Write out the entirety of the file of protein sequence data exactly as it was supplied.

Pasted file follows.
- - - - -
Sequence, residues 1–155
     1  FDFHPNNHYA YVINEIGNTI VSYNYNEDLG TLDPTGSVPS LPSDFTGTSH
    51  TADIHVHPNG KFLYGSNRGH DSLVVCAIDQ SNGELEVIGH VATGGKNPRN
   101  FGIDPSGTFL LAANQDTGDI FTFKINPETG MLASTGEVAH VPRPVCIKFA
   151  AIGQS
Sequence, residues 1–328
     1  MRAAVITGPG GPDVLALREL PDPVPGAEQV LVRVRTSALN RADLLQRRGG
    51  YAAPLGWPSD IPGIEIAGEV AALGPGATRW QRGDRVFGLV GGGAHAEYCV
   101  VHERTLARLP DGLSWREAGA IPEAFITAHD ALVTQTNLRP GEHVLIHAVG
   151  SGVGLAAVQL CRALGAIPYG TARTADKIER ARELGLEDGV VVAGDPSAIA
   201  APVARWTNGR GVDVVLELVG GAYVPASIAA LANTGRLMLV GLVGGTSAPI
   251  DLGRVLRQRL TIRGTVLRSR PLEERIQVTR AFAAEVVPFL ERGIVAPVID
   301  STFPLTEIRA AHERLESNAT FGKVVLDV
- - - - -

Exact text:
Sequence, residues 1–155
     1  FDFHPNNHYA YVINEIGNTI VSYNYNEDLG TLDPTGSVPS LPSDFTGTSH
    51  TADIHVHPNG KFLYGSNRGH DSLVVCAIDQ SNGELEVIGH VATGGKNPRN
   101  FGIDPSGTFL LAANQDTGDI FTFKINPETG MLASTGEVAH VPRPVCIKFA
   151  AIGQS
Sequence, residues 1–328
     1  MRAAVITGPG GPDVLALREL PDPVPGAEQV LVRVRTSALN RADLLQRRGG
    51  YAAPLGWPSD IPGIEIAGEV AALGPGATRW QRGDRVFGLV GGGAHAEYCV
   101  VHERTLARLP DGLSWREAGA IPEAFITAHD ALVTQTNLRP GEHVLIHAVG
   151  SGVGLAAVQL CRALGAIPYG TARTADKIER ARELGLEDGV VVAGDPSAIA
   201  APVARWTNGR GVDVVLELVG GAYVPASIAA LANTGRLMLV GLVGGTSAPI
   251  DLGRVLRQRL TIRGTVLRSR PLEERIQVTR AFAAEVVPFL ERGIVAPVID
   301  STFPLTEIRA AHERLESNAT FGKVVLDV